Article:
Ask the Doctors - If flossing hasn't been proven to work, do I really need to do it?


Dear Doctors: If there’s no proof that flossing is beneficial, do I really need to do it?

You’re referring to an article published by the Associated Press and other media outlets last summer, which revealed that the studies cited by the American Dental Association and the American Academy of Periodontology to recommend daily flossing are scientifically inadequate. To say the story caused a ruckus is an understatement.

According to the AP investigation, the advice to floss daily is based on studies that are "very unreliable" and whose quality is "very low." Many of the studies were funded by dental floss companies, which opened up “a moderate to large potential for bias."

It’s important to note, though, that while the AP story found fault with the research, it didn’t offer evidence that flossing doesn’t work. So while you could use the revelations as an excuse to ditch the dental floss, dentists and dental hygienists say that manually cleaning the space between your teeth is still a good idea.

Their reasoning? Each tooth has five surfaces. Three of these – front, back, and biting edge – can be cleaned with a toothbrush. However, the sides of your teeth, which sit adjacent to other teeth and can capture food particles and bacteria, require a different tool for removing both plaque and debris.

Dental plaque, a clear film, is actually a mass of hundreds of different acid-producing bacteria that naturally forms in the mouth throughout the day. When left undisturbed, plaque can give rise to cavities and gum disease. The only way to get rid of plaque is manually. That means brushing and, for the inner surfaces of your teeth, flossing.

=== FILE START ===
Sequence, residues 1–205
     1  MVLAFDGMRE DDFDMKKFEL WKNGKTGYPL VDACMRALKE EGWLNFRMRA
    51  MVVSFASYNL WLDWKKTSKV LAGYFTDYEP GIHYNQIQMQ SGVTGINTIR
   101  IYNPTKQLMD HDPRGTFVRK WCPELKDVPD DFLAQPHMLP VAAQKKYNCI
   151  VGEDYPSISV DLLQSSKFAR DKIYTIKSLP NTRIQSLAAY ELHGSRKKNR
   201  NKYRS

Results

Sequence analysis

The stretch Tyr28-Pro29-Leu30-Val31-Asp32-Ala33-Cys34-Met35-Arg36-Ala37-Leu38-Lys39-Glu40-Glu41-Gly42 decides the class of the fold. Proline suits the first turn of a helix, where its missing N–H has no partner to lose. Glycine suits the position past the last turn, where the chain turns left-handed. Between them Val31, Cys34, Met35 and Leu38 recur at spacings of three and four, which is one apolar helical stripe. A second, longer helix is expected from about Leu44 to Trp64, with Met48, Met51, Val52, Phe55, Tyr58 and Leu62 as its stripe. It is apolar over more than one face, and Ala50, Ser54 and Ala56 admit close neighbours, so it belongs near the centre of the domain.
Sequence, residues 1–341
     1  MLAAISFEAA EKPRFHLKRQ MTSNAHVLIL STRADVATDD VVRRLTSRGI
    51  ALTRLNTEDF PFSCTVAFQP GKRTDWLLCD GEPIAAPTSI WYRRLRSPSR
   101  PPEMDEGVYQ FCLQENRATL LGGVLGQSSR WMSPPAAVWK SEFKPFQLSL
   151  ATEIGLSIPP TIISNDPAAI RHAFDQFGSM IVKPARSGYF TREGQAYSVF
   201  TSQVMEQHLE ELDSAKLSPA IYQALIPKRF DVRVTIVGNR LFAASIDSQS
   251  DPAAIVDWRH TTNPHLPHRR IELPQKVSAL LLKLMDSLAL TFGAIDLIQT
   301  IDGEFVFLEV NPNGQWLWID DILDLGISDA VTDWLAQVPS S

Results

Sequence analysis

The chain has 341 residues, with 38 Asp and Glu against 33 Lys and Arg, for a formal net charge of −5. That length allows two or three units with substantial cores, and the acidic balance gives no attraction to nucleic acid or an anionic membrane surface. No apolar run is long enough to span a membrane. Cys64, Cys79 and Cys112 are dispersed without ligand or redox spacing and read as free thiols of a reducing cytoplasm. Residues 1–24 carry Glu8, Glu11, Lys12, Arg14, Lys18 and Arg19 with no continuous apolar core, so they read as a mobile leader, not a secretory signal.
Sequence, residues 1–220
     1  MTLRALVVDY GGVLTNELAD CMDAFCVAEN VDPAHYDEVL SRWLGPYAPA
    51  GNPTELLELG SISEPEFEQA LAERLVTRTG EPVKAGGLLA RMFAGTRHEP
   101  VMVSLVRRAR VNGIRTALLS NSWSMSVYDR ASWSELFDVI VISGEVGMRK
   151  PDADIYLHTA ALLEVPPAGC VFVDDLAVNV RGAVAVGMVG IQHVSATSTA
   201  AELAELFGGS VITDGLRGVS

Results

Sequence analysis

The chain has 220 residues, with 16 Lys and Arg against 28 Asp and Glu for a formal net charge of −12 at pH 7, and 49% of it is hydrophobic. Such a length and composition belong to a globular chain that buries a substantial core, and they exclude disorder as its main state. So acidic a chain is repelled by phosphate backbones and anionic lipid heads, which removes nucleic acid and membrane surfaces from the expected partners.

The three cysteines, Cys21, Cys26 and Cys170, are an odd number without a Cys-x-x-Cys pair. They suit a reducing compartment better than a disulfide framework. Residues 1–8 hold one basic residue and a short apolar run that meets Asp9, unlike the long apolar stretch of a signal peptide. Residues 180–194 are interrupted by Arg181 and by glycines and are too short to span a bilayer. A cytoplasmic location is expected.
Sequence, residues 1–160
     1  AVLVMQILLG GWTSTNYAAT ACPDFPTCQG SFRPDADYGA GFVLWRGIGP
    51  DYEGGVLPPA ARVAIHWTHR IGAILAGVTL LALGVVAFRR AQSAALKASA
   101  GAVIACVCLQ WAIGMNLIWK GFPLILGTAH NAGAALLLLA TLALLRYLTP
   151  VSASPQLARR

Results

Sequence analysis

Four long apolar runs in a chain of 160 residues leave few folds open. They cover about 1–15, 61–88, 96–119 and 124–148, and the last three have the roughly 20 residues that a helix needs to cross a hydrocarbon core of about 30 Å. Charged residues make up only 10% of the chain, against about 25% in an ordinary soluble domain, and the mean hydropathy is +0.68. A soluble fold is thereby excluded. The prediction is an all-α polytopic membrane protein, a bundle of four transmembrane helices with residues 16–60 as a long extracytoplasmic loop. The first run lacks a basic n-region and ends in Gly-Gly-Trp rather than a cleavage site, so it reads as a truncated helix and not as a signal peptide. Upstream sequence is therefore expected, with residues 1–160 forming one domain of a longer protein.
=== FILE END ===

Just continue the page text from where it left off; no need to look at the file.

Matthew Messina, DDS, a spokesman for the ADA, concedes that the existing research on the benefits of flossing is less than rigorous. When flossing is done properly, however, Messina says it remains the most effective way to remove damaging plaque from those hard-to-reach inner surfaces of your teeth.

If flossing is painful, then you’re probably doing it wrong. Rather than a sawing motion at the gum line, proper flossing is a gentle, vertical sweep along the inner edge of each tooth. Messina recommends that you ask your dentist or dental hygienist to demonstrate proper flossing technique.

For optimal dental health, the ADA recommends brushing with a fluorinated toothpaste at least every morning and evening, and visiting a dentist for professional cleaning twice a year. Considering how little time it takes and what’s at stake, dental professionals agree that flossing should continue to be part of your daily personal hygiene.

Eve Glazier, MD., MBA, and Elizabeth Ko, MD., are internists and assistant professors of medicine at UCLA Health.

Ask the Doctors is a syndicated column first published by UExpress syndicate.